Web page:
Sustainability and Eyewear: What Consumers Can Do
Today, eyewear companies and brands are investing more and more in sustainability initiatives. Americans have become more aware and conscious of their carbon footprint and, subsequently, are prioritizing sustainability when it comes to their eyewear preferences. Indeed, whilst big brands such as Oakley unveils celebrity endorsements, it is now not enough to just have the backing of big names; the style and substance have to be backed up by another ‘S’ – sustainability.
To meet this demand, eyewear brands increasingly implement sustainable practices, from production to manufacturing. As consumers, some of the marketing around sustainable eyewear may be confusing to keep up with. However, that doesn’t mean we shouldn’t still do our due diligence and do our best to make more environmentally friendly choices when buying eyewear.
Below, we’ll discuss some of the things you can do to enhance your sustainability efforts as an eyewear consumer:
Look for eco-friendly materials
The most common sustainability initiative from eyewear brands today is using eco-friendly materials in their products. Most glasses are made from plastic, which is harmful to the environment as it isn’t biodegradable. Aside from their production, when these glasses get broken or you need a replacement, they are often not disposed of properly, ending up in landfills. To counter this, eyewear brands are replacing plastic with more eco-conscious materials. A feature on Hawkers’ eco-friendly sunglasses on Hypebeast highlights the brand’s limited edition capsule collection named H20. The six sunglasses models use sustainable plastic and reuse plastic waste from the oceans. Aside from the actual sunglasses, the packaging also features sustainable and biodegradable materials, such as plastic bottles, recyclable paper, and cartons.
Choose retailers that offer green packaging, materials and projects
Packaging for online shopping can be harmful to the environment. Data from Earth.org states that three billion trees are pulped yearly to produce 241 million tons of shipping cartons. Plastic production for product packaging also contributes to large CO2 emissions. As such, many brands are working to reduce that impact. VSP Vision are at the forefront of this trend – They use sustainable packaging solutions to reduce climate impact. They’re not alone either – many brands are moving towards sustainable materials not just in packaging but also their products. The luxury sunglass provider Sunglass Hut has a range of curated sunglasses crafted with innovative materials meant to preserve our planet. They use materials such as recycled acetate, recycled nylon, bio-nylon, and bio-acetate, across brands like Emporio Armani and the ZAYN X ARNETTE collection. Indeed, they also support OneSight, a global vision care nonprofit dedicated to bringing sustainable access to quality vision care to people in need.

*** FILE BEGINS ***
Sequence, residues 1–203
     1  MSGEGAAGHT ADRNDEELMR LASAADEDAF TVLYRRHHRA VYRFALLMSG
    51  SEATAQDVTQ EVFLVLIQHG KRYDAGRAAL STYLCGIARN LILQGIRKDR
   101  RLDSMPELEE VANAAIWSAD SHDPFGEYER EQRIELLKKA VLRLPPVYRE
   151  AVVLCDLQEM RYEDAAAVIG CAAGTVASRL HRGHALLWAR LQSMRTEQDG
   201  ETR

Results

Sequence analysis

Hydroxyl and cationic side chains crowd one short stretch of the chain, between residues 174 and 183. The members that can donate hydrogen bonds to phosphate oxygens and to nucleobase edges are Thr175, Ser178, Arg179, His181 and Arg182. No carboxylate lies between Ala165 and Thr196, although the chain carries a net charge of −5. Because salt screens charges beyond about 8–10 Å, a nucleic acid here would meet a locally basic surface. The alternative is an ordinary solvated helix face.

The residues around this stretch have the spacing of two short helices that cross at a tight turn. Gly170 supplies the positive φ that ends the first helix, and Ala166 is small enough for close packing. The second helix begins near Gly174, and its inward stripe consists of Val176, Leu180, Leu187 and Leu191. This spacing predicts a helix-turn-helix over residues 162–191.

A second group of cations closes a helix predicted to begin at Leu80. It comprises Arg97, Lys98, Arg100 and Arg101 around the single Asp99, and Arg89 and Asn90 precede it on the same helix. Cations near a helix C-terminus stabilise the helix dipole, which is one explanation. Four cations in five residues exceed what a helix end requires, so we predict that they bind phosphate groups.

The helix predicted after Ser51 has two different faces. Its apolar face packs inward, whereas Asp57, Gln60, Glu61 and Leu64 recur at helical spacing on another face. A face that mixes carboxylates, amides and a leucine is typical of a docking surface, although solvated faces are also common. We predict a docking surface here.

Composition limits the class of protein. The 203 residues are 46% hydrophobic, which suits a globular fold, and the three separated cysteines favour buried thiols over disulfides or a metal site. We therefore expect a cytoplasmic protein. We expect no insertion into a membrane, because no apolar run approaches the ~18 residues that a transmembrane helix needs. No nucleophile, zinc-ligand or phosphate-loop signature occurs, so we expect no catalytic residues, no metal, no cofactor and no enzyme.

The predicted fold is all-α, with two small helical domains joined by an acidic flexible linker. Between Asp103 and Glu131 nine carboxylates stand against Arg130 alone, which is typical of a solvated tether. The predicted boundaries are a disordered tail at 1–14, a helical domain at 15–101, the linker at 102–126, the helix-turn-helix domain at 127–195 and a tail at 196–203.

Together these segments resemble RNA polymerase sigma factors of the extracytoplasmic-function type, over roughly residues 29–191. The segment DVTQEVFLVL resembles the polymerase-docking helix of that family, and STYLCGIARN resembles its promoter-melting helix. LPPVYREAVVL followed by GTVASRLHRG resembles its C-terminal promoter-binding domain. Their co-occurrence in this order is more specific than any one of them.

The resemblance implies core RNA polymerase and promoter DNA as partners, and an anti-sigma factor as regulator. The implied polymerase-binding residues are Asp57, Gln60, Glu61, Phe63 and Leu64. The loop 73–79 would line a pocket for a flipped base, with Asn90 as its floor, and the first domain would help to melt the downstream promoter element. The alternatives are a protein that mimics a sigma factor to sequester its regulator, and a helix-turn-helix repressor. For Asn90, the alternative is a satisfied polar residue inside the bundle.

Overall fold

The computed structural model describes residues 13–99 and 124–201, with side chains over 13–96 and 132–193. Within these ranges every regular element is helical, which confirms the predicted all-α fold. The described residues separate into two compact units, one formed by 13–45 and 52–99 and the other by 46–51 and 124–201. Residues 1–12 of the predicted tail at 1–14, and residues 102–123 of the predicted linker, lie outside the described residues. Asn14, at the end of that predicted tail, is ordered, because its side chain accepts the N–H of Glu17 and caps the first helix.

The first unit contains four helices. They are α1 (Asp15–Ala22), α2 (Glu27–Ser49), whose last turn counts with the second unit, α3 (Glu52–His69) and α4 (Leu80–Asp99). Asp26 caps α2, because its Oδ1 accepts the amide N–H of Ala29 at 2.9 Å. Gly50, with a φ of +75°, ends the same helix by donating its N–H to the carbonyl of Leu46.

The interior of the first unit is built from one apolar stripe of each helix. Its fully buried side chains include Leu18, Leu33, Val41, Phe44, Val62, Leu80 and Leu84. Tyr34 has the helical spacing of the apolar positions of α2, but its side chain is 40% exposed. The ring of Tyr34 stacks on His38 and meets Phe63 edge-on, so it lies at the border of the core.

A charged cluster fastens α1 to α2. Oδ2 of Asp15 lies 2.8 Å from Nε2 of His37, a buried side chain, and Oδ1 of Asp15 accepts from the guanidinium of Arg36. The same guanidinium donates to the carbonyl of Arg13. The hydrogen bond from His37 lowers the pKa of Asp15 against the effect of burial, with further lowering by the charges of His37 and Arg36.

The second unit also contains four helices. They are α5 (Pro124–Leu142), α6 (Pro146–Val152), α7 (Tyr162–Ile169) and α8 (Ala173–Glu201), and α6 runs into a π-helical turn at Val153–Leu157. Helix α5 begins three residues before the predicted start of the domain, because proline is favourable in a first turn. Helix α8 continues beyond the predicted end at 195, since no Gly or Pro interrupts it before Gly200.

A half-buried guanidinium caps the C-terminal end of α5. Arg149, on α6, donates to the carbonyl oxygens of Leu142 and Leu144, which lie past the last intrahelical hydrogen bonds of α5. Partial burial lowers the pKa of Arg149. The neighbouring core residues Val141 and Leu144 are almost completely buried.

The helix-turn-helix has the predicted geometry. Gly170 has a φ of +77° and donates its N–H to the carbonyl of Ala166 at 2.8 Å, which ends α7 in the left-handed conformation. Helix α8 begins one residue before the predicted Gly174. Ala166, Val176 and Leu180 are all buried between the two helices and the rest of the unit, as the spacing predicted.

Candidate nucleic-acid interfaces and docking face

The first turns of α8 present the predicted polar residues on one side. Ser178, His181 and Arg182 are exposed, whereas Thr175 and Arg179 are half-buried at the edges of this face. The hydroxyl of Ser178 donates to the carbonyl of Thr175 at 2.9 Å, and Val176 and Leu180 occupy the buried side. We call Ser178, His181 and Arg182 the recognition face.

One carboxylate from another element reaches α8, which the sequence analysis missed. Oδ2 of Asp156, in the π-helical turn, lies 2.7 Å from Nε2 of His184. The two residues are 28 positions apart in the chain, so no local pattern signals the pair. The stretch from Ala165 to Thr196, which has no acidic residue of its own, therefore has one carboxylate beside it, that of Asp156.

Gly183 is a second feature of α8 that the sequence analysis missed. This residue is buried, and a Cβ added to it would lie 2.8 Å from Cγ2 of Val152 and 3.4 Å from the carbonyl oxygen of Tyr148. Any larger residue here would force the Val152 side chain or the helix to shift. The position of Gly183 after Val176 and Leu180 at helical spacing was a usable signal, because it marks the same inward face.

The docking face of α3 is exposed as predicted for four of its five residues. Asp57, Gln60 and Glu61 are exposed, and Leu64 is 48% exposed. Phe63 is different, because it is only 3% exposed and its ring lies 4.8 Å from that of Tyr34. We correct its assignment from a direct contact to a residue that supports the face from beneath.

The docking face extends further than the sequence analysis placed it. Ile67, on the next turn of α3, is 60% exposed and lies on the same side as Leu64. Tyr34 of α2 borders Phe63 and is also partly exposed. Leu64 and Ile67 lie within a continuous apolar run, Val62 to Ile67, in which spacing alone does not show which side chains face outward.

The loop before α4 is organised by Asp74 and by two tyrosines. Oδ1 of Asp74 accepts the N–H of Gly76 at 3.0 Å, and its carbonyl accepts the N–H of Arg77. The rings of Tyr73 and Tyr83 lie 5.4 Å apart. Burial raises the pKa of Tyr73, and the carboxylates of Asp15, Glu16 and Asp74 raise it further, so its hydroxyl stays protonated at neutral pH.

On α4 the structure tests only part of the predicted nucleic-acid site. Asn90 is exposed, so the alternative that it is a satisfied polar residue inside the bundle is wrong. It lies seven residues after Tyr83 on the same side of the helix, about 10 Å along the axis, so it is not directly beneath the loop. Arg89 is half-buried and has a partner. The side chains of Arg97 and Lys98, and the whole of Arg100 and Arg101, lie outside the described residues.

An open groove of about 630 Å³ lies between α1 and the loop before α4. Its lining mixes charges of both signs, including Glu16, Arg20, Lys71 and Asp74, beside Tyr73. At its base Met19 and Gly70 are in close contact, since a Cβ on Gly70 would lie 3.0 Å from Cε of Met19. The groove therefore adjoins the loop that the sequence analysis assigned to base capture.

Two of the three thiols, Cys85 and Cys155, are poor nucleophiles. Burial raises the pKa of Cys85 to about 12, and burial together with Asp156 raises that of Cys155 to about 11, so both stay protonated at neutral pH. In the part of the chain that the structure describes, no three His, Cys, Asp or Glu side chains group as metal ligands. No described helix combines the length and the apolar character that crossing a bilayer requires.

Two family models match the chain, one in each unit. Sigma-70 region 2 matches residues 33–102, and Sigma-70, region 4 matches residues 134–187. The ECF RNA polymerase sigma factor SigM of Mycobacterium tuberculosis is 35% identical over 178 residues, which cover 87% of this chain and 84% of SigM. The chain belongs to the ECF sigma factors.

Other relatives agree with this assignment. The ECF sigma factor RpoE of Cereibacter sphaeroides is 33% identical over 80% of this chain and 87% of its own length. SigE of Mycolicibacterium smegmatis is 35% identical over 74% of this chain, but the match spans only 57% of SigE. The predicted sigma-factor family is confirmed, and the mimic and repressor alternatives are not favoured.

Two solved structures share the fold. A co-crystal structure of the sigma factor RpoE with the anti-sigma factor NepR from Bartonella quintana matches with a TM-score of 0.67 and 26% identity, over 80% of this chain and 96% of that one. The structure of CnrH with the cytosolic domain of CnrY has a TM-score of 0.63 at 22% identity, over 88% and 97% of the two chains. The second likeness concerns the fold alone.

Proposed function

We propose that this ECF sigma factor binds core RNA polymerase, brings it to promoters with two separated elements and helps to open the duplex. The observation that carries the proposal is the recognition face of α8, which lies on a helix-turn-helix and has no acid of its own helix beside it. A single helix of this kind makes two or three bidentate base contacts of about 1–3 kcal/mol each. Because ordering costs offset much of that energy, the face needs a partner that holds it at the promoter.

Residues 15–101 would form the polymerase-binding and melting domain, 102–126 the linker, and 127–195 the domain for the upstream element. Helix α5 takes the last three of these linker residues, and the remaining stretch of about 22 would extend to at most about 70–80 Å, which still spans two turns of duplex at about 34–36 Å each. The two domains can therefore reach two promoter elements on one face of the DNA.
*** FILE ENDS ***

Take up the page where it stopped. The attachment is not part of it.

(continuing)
Shop secondhand or vintage eyewear
Finally, you can buy eyewear more sustainably by choosing secondhand or vintage eyewear. Finding high-quality secondhand eyewear is far more doable now in this age of online marketplaces and buy-and-sells than during pre-Internet times. A feature from Washington Post details this rise of e-commerce and secondhand shopping. US retailers churn out a record $5 trillion worth of new goods annually, leaving a mountain of stuff that gets returned (8%) or sent back (20%). The good news is you don’t have to rely on shady Craigslist or eBay transactions as much anymore. With the rise of e-commerce, dozens of companies are competing to resell goods online to appeal to buyers looking for lower prices, unique and out-of-production models, and sustainability.
Ultimately, the responsibility for buying sustainable eyewear is as much yours as it is a brand’s or company’s. Many eyewear brands today have sustainable lines of eyewear that use eco-friendly materials, and some have shifted towards offering green shipping. This ensures that your eyewear purchase is environmentally conscious from manufacturing to delivery. Of course, don’t forget to do your part at the end of your sustainable eyewear’s lifecycle by ensuring you dispose of them properly.